Republican officials said Monday that they have improved their nuts-and-bolts campaign and are making big strides in voter outreach — but there is little evidence that it is making a difference in reaching the minorities, women and young voters who are key to winning national elections.
A year after the Republican National Committee’s 2012 election postmortem, which found the party lacking on everything from strategy to message, officials said RNC Chairman Reince Priebus has led the charge to take care of the mechanical problems, including revamping digital operations and hiring hundreds of field staffers in minority communities.
“I think we are making positive strides,” said Glenn McCall, a national committee member from South Carolina and one of the report’s authors. “I am sure we are not where Chairman Priebus and the party wants us to be, or the committee, but I feel that we are making solid progress and comprehensive progress to make us successful and take our message to all people.”
After the 2012 elections, the RNC tapped several consultants to report on how the party lost what many analysts had said was a winnable election for Republicans against an incumbent Democratic president in a poor economy. Their report said Democrats outperformed the GOP in digital operations, strategy, messaging and flanking on issues such as immigration.
A year later, the report authors say, the party has made strides. One piece of evidence is the special congressional election in Florida last week in which Republican David Jolly fended off a strong challenge by Democrat Alex Sink to hold on to the seat for the GOP.
They said credit goes to Mr. Priebus and others for recognizing what changes were needed.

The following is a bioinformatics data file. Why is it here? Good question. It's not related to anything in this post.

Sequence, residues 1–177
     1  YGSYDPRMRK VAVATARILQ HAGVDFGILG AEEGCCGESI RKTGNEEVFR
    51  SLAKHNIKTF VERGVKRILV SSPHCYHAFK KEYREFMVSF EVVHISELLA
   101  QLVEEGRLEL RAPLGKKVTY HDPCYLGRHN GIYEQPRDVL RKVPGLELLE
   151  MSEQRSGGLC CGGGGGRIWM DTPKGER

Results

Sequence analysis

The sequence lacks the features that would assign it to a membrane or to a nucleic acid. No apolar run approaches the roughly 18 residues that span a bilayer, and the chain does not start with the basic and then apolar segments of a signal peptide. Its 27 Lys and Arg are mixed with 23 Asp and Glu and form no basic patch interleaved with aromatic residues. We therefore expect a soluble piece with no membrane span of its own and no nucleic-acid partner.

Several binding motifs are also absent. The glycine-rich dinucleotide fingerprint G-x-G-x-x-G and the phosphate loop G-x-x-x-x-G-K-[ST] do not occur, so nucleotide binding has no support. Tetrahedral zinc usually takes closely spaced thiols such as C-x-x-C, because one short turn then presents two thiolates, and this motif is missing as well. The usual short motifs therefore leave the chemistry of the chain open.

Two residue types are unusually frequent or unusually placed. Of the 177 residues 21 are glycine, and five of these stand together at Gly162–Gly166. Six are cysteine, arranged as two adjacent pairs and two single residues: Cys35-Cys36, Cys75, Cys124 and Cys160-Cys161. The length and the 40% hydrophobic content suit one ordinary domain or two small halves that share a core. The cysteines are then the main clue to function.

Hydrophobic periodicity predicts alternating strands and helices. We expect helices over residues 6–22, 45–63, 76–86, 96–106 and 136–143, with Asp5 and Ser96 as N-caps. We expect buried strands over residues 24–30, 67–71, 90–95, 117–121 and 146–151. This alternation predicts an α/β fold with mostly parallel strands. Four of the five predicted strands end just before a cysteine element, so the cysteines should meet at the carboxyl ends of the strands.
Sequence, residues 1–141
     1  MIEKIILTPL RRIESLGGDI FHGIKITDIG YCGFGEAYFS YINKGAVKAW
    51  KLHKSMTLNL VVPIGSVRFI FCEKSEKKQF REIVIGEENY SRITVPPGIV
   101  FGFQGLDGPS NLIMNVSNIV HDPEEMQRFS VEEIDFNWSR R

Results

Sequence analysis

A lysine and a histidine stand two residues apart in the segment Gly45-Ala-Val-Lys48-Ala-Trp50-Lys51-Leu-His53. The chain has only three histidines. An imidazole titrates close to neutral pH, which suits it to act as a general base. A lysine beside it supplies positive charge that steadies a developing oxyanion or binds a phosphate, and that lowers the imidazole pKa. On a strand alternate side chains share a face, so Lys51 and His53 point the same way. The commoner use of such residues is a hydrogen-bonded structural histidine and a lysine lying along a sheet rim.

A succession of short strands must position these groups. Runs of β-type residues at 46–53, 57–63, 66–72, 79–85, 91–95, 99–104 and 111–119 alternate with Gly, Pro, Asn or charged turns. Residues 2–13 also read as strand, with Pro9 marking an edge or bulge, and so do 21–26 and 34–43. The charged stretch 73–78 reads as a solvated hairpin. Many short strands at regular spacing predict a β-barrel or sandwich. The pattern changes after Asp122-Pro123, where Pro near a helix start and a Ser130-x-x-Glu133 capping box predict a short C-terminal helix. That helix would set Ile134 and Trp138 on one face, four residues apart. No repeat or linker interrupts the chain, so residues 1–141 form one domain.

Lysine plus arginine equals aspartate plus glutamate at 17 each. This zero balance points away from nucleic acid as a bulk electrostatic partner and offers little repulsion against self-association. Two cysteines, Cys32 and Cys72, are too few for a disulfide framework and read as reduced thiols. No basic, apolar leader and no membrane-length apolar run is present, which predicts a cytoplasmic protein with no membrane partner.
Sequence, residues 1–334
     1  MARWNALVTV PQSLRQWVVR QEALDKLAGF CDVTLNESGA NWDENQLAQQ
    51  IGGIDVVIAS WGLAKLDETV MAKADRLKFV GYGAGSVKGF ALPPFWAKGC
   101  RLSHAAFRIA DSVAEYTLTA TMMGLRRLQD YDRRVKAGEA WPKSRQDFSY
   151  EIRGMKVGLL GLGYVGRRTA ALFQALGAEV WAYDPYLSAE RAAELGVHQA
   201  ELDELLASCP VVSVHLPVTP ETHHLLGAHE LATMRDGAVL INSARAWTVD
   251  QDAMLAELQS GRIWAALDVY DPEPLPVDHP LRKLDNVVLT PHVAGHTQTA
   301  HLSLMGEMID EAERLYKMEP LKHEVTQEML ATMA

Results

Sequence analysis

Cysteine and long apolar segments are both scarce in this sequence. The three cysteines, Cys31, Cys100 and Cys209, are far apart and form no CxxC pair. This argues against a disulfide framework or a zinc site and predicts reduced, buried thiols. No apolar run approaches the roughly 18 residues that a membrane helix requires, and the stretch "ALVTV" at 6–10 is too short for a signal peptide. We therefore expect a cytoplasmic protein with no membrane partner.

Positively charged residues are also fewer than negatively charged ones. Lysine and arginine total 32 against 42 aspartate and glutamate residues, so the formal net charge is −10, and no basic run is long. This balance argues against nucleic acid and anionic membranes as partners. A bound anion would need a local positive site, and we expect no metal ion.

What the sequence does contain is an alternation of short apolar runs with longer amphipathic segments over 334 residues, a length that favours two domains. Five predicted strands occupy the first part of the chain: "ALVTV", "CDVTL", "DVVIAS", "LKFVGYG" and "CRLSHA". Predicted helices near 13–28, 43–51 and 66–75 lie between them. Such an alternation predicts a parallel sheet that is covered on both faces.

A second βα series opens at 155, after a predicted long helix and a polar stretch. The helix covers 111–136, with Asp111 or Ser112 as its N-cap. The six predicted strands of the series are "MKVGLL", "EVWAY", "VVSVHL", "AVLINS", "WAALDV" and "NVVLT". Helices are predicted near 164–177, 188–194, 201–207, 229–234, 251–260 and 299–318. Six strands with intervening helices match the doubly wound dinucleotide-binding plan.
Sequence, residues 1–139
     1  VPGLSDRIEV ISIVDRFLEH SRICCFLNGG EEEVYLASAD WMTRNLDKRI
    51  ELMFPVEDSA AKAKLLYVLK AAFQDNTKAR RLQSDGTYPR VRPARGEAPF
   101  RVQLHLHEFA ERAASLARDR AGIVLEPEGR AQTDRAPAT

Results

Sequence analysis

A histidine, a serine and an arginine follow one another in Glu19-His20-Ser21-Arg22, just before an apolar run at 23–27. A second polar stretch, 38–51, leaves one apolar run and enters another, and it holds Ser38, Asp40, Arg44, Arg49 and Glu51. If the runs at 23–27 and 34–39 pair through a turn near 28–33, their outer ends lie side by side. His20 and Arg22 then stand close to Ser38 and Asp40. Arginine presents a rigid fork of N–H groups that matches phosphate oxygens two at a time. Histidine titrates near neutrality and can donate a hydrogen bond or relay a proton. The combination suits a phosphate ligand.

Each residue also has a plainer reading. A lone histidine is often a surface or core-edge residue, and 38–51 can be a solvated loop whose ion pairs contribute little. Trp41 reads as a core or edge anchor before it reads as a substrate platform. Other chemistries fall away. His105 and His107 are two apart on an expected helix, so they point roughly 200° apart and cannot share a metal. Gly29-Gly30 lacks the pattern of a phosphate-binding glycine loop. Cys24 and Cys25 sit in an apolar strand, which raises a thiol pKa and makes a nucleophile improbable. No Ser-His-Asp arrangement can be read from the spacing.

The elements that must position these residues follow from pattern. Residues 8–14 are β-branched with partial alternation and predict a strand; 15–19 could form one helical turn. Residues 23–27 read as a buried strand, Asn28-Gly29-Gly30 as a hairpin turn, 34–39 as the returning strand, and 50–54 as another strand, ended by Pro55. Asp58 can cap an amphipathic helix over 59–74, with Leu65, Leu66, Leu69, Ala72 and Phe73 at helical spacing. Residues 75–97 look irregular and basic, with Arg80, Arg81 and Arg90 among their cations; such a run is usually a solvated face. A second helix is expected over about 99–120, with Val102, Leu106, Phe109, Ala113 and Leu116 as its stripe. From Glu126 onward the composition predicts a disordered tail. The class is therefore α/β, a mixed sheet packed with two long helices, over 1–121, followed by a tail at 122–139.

“I have been very pleased watching not only Reince, but other Republican groups, take that report and take many of the ideas that we brought forward and really executing them in a serious way,” said Henry Barbour, an RNC member from Mississippi who helped write the report. “I think it has put us in a stronger position for 2014 and I think it is also putting us in a strong position for 2016.”
Others said Republicans are still struggling to bolster the party’s appeal beyond its aging white base, which analysts said is the key measure for the health of the GOP.
Sylvia Manzano, a principal at Latino Decisions, said Republicans will continue to struggle with Hispanic voters unless they help pass reform that legalizes illegal immigrants or, at the very least, muzzle rank-and-file members who refuse to soften their rhetoric on the issue.
“The leadership seems to be onboard, but if their candidates and elected officials don’t follow suit, it doesn’t matter what their report has to say,” Ms. Manzano said. “If their policies are oriented toward punishing Hispanics or punishing immigrants, and their policy rhetoric and campaigns clearly posits Hispanics as the enemy or a scapegoat, then they are not going to make inroads with Hispanic voters.”
David A. Bositis, of the Joint Center for Political and Economic Studies, said Republicans must do more than hire minorities in order to reach black voters. He said major policy shifts would be needed.
“African-Americans are not hostile to government,” Mr. Bositis said. “They don’t consider that unemployment benefits or food stamps are slavery. They consider unemployment benefits or food stamps to be a good government program. They don’t consider Medicaid to be slavery. They consider Medicaid to be health care.”
As for young voters, Trey Grayson, director of the Harvard Institute of Politics, who specializes in the politics of millennial voters, said Republicans haven’t made up ground there, either.
“Republicans, in general, still aren’t faring as well with younger voters despite the decline in support for the president,” Mr. Grayson said. “To date, it’s been a missed opportunity.”
The latest poll from the Institute of Politics found that Mr. Obama and congressional Republicans have experienced similar drops in support among young voters.